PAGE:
Often our goals as coaches are external in nature. For example, the NFL Combine Test contains a bunch of tests where the coach would want to utilize external attentional focus strategies during training and testing periods. However, there are also times when a coach has internal goals in mind, and this is where internal cueing is valuable. Dozens of world class coaches and clinicians have recognized the value of internal cueing.
For example, Stu McGill cues individuals to feel the glutes as prime movers in a glute bridge rather than the hamstrings. Louie Simmons instructs powerlifters to keep the chest up and knees out in a squat. I believe that these internal cues should NOT be disregarded and replaced with external cues.
I’m extremely passionate about this topic due to my focus on the lumbopelvic-hip complex (LPHC) and proper spinal, pelvic, and hip mechanics during squats, deadlifts, back extensions, hip thrusts, and other exercises. Form on these exercises is horrendous with beginners. Sedentary individuals simply do not move properly and you have to spend considerable time teaching them how to move at the hips while keeping the spine in neutral and properly positioning the pelvis to assist in keeping a neutral spine.
Imagine trying to teach individuals proper LPHC mechanics without having internal cues at your disposal. This is an area where internal cueing is of huge benefit and more research needs to be conducted to determine its effectiveness. My hypothesis is that internal cueing for this purpose would greatly outperform external cueing in terms of motor learning and skill acquisition.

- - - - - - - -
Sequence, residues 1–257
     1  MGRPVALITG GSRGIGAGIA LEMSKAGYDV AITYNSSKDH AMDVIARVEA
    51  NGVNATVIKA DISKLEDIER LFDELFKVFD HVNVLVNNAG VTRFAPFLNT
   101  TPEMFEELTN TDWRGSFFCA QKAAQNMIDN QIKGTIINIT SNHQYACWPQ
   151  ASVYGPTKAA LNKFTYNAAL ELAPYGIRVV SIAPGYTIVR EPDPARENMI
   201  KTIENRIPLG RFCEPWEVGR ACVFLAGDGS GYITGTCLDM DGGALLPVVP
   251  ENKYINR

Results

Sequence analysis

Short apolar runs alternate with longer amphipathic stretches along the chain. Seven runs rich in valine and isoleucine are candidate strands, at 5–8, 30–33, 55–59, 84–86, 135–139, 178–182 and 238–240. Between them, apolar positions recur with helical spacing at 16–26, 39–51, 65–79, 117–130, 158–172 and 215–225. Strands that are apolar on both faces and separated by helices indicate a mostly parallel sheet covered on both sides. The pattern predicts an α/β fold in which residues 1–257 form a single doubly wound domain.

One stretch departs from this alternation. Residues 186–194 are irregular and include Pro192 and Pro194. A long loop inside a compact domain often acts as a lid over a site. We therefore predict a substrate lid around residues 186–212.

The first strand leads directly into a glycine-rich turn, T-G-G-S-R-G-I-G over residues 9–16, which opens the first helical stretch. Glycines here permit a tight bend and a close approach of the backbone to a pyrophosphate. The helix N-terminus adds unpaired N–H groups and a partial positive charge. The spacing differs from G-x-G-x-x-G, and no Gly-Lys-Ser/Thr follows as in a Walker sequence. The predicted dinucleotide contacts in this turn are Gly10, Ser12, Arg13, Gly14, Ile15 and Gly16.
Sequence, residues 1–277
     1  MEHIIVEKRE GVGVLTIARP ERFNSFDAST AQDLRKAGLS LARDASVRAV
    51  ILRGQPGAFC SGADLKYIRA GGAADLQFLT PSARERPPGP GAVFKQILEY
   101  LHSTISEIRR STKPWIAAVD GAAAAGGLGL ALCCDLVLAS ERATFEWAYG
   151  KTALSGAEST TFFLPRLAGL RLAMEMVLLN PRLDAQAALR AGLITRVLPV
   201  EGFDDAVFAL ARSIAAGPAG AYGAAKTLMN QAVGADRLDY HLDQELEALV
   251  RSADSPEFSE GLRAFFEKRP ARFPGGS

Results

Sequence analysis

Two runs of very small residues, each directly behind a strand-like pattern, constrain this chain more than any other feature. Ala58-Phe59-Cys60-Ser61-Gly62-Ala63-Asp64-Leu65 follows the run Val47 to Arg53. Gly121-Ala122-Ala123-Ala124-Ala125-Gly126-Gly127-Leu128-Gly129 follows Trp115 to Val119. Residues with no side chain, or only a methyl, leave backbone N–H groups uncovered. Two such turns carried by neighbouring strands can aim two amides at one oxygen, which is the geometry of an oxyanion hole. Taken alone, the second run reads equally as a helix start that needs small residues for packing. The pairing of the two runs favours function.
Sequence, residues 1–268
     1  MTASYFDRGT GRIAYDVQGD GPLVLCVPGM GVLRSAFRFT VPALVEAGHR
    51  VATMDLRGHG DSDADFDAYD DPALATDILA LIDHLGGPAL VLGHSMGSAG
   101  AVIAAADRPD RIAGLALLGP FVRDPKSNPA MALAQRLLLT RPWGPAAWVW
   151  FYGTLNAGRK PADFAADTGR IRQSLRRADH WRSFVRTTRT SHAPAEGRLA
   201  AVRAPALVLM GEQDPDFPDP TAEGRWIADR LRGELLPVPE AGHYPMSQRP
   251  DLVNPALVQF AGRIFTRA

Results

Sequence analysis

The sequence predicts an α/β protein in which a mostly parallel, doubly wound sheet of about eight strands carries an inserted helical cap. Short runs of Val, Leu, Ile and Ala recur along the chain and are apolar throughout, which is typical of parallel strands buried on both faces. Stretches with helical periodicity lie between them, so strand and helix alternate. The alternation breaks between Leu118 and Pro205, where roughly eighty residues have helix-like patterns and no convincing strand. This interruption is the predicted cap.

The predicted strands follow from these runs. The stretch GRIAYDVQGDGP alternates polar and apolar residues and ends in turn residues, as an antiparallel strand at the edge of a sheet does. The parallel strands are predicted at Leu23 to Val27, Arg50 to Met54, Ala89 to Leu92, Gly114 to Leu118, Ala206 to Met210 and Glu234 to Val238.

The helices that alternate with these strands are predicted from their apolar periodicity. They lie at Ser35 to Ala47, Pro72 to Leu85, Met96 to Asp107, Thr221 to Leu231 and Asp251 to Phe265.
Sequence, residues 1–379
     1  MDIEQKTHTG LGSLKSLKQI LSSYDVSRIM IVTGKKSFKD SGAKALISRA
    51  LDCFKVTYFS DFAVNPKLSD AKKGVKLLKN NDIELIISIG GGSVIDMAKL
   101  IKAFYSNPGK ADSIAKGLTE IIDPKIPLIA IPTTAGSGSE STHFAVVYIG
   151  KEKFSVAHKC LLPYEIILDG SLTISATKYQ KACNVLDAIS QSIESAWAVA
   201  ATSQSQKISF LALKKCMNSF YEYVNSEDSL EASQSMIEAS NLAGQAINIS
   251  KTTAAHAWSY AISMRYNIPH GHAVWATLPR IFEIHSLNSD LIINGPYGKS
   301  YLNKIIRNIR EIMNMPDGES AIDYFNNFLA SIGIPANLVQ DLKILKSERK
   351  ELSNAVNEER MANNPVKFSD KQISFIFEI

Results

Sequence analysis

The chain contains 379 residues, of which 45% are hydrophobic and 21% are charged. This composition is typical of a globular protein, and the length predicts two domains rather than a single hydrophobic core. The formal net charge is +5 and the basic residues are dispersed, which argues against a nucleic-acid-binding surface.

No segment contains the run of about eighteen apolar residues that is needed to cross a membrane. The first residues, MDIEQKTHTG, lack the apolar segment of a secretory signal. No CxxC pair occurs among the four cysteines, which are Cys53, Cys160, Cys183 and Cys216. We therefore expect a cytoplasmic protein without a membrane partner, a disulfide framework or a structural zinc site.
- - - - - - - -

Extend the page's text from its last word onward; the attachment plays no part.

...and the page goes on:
3. Cue Specificity: A Time and Place for Internal and External Attentional Focus
I want to mention up front that this is just my hypothesis and requires future research. I am of the belief that cueing, like many other things in the field of Strength & Conditioning, should be specific to the goals of the coach.
- If the coach is seeking an internal change in movement, such as activating a certain muscle to a greater or lesser extent, or preventing an energy leak, then an internal cue is most appropriate.
- Conversely, if the coach is seeking optimal performance for an external goal requiring strength, power, or precision, such as performing a max deadlift, jumping for max height, shooting a free-throw, or putting a golf ball, then an external cue is most appropriate.
It is my understanding that Dr. Wulf, leading research in this area, would argue that the chart listed above isn’t correct and that external cues are always superior to internal cues.
4. Evidence from Lewis and Sahrmann
In 2009, Cara Lewis and Shirley Sahrmann published an excellent article titled, Muscle Activation and Movement Patterns During Prone Hip Extension Exercise in Women. Click HERE to download the full paper. This research showed us several very important things. Here’s a summary in the authors’ words: